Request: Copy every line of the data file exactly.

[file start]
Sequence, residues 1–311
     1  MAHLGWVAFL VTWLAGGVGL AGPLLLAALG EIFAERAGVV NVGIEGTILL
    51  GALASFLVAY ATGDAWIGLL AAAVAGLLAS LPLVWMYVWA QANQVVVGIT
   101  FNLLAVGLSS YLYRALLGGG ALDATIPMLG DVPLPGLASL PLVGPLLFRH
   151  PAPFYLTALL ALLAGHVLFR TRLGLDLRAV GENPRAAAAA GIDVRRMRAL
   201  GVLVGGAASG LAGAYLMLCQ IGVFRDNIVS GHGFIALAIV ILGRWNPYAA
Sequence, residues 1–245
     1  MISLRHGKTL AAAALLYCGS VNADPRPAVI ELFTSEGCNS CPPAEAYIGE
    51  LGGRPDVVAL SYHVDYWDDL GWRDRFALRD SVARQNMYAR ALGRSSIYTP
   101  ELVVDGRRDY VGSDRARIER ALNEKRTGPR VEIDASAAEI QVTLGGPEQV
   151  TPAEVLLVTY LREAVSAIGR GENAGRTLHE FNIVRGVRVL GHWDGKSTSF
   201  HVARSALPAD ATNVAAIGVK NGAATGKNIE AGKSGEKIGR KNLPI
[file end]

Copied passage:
Sequence, residues 1–311
     1  MAHLGWVAFL VTWLAGGVGL AGPLLLAALG EIFAERAGVV NVGIEGTILL
    51  GALASFLVAY ATGDAWIGLL AAAVAGLLAS LPLVWMYVWA QANQVVVGIT
   101  FNLLAVGLSS YLYRALLGGG ALDATIPMLG DVPLPGLASL PLVGPLLFRH
   151  PAPFYLTALL ALLAGHVLFR TRLGLDLRAV GENPRAAAAA GIDVRRMRAL
   201  GVLVGGAASG LAGAYLMLCQ IGVFRDNIVS GHGFIALAIV ILGRWNPYAA
Sequence, residues 1–245
     1  MISLRHGKTL AAAALLYCGS VNADPRPAVI ELFTSEGCNS CPPAEAYIGE
    51  LGGRPDVVAL SYHVDYWDDL GWRDRFALRD SVARQNMYAR ALGRSSIYTP
   101  ELVVDGRRDY VGSDRARIER ALNEKRTGPR VEIDASAAEI QVTLGGPEQV
   151  TPAEVLLVTY LREAVSAIGR GENAGRTLHE FNIVRGVRVL GHWDGKSTSF
   201  HVARSALPAD ATNVAAIGVK NGAATGKNIE AGKSGEKIGR KNLPI